True Too MED Interview

MED image via Bang Ya Head Records
MED image via Bang Ya Head Records

TrueToo had a chance to talk with west-coast veteran MED (aka Medaphor) who just recently released a collaborative project with his longtime coworkers: Blu, and Madlib, titled Bad Neighbor.

Our sole Canadian presence got a chance to talk to him about his relationship with Madlib, his appearance on Madvillainy, recording with Anderson .Paak, and much more. You can listen here or check out the transcript below.


You’ve worked with Madlib a lot in the past, how did you develop that relationship?


MED: The way I met Madlib was… I was a local artist myself, and they [Lootpack] were too. I think the time we originally connected, I can’t remember the year but, I was about fifteen or something. I was a local producer, and I was rapping all the time… I was doing all the shows, like local shows, high school rallies and what not. Then one of my boys heard the Lootpack Demo. He played it for me, and it was really dope, really different. So we went to Madlib’s house when he was living with his Dad, he actually lived about a 15-minute walk to his house, so it wasn’t far at all. We went there and we rapped, man. I ended up calling him later that night cause I was so into music, you know, I was a music head. I wrote my verse that night, I called him, kicked it for him, he liked it, and he told me “You know what, you need to come over here, and just come work with us. I know you got a group, but you should just come work with us. So I left my group *laughs*, pretty much. The reason why I left my group was because we weren’t a real group anyway. We were performing, I was writing all the raps, and stuff… and these other niggas were chasing girls, and they were more into the high school activity – they weren’t really into music like that. So that was an easy decision, and then I was sixteen and I started running with Madlib.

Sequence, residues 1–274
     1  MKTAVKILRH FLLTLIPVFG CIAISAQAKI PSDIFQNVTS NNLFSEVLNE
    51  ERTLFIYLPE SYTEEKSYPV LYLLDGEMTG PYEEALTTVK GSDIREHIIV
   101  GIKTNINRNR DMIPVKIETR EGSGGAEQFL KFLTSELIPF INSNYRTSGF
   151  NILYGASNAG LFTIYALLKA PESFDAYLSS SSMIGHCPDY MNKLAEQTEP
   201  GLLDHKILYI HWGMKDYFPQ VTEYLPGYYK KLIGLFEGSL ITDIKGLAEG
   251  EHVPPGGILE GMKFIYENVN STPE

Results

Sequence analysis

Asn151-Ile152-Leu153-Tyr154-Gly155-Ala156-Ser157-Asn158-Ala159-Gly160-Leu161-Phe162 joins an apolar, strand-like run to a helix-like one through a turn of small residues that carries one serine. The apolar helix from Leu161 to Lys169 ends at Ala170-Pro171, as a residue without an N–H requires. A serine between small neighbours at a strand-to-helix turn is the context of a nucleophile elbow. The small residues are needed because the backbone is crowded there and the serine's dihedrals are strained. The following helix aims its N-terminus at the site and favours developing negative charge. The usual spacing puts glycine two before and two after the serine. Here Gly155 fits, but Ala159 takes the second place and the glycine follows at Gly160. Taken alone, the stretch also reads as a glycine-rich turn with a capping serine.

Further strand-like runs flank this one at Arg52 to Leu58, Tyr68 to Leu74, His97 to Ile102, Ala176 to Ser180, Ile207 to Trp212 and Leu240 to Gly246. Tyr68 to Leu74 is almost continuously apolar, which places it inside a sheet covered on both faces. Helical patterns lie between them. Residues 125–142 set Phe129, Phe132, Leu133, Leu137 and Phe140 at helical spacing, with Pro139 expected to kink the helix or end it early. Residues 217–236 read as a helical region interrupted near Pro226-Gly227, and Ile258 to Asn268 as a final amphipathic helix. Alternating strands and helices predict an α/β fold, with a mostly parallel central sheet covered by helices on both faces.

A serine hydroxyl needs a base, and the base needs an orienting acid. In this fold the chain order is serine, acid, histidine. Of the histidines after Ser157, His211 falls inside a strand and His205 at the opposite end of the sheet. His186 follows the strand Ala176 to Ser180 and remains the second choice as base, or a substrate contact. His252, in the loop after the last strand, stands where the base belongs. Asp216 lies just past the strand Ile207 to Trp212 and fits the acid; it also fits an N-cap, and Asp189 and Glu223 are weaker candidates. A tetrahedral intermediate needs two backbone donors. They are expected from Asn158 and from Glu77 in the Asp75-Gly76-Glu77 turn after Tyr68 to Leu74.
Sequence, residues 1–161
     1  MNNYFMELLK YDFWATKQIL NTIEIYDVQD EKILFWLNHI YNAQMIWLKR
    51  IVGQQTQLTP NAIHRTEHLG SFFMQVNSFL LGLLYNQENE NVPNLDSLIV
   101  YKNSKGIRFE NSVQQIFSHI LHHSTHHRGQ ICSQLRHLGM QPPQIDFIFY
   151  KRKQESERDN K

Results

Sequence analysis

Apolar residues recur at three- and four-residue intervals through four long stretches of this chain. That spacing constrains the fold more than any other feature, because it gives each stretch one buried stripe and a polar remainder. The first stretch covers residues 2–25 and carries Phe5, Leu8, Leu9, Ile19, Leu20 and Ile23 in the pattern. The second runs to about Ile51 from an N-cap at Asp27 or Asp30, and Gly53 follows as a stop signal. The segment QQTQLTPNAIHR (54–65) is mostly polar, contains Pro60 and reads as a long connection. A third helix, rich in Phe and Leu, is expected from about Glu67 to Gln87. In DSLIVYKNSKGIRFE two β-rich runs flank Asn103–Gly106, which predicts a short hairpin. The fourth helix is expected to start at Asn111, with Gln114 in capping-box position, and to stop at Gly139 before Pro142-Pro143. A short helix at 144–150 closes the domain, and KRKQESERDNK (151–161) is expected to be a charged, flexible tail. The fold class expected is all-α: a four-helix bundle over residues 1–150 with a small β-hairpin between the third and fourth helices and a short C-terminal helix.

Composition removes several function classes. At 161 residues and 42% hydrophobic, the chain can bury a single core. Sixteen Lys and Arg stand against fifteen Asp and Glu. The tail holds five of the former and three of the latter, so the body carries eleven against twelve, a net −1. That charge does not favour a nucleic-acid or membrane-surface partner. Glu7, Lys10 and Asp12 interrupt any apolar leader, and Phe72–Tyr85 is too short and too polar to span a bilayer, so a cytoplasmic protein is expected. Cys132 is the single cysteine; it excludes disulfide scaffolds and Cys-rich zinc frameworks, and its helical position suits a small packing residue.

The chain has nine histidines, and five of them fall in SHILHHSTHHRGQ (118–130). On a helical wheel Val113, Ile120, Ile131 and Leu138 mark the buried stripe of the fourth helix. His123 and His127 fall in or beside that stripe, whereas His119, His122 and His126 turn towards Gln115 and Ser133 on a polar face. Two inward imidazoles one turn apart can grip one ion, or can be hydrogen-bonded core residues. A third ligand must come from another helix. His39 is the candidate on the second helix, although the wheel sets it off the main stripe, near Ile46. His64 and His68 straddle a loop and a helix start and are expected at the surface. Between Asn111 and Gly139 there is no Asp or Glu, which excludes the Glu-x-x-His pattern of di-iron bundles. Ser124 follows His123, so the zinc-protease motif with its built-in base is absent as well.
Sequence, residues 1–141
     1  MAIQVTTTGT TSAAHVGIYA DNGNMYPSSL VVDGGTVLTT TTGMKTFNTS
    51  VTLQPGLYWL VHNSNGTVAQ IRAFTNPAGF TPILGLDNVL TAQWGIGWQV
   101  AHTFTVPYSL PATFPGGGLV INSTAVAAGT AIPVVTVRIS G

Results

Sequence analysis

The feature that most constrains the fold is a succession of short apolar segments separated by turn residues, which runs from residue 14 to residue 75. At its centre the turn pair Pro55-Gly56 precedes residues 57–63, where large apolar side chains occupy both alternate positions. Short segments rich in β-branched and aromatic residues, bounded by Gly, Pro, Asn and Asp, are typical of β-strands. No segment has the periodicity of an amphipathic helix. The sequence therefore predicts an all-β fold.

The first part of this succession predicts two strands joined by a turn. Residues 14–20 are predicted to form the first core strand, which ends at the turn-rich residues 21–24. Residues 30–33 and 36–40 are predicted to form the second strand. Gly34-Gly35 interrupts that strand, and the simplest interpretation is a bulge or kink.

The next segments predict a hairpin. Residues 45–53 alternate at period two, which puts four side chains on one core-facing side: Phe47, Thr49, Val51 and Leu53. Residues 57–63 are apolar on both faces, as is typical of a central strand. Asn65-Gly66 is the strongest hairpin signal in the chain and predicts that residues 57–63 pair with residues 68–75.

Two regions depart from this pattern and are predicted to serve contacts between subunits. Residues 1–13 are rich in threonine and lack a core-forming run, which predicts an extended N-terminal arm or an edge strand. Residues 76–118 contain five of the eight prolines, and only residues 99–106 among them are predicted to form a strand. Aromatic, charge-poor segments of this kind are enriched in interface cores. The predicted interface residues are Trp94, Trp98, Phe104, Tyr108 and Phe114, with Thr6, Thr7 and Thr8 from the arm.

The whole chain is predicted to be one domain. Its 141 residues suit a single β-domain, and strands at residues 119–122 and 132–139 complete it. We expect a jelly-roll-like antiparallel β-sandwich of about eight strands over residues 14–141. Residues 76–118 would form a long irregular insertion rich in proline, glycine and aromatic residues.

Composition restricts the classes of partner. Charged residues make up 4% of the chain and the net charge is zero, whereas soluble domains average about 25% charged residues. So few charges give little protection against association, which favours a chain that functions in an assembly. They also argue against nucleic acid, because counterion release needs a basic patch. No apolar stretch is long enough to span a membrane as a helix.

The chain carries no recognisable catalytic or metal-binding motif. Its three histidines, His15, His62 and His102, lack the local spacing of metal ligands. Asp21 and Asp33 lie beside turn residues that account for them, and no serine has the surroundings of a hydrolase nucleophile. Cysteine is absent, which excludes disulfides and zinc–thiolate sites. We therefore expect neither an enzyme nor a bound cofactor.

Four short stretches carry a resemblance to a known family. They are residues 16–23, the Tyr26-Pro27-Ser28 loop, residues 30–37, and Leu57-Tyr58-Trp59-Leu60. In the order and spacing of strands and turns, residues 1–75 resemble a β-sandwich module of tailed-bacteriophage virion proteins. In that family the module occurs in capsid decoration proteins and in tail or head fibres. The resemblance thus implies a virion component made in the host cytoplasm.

Was Madlib big at that point? Or did you guys come up together?


Nah, hell nah. We were living in his Dad’s room; smoking weed at the side of his Dad’s house. This was like right before the Alkaholiks situation came in, so this is maybe like a few months before Tha Alkaholiks got their deal. ‘Cause we used to be around them all the time, and that’s when Madlib started producing for Tha Alkaholiks album, and it started growing from there. Then he ended up moving to Santa Barbara. It was a crazy process.


Madlib doesn’t do a lot of interviews, what’s he like?


He’s real chill, man. He’s like one of the nicest guys you can ever meet. Real humble, real forgiving… the only thing about him is when he keeps to himself, he keeps to himself. You really got to appreciate him and give him his space because that’s just how he is. You know, the more you call when he’s in his own space, the further away you’re going to get to talk to him. He likes to work – his main thing is listening to records and doing music and taking care of his family.


When you guys get together do you smoke a lot of weed?


Well back in the day we used to smoke a lot of weed. Nowadays we don’t go to the studio together… He pretty much just gives me beats to use, he does that with everybody. Like I said, back in the day, when we were working in his house, like when I was sixteen, or like nineteen or whatever, his Dad actually got us a studio. His Dad had his own label, and we had our own studio in Ventura in his office so that that was pretty dope. We were smoking, he would make beats on the spot, we would write, he would start the drums, start running the drums, add the bass, and he’d hear my rap and add to it, so it was like way super dope back in the day. Now we don’t smoke as much because we only see each other when we go hang out. We aren’t in the studio no more like that. We’ll either be in the car smoking to songs I’ve made, or most likely we’ll just meet up and go hang out. Me and Madlib hang out a lot. We probably hang out – talking about music 20% of the time, and 80% we’re just being friends.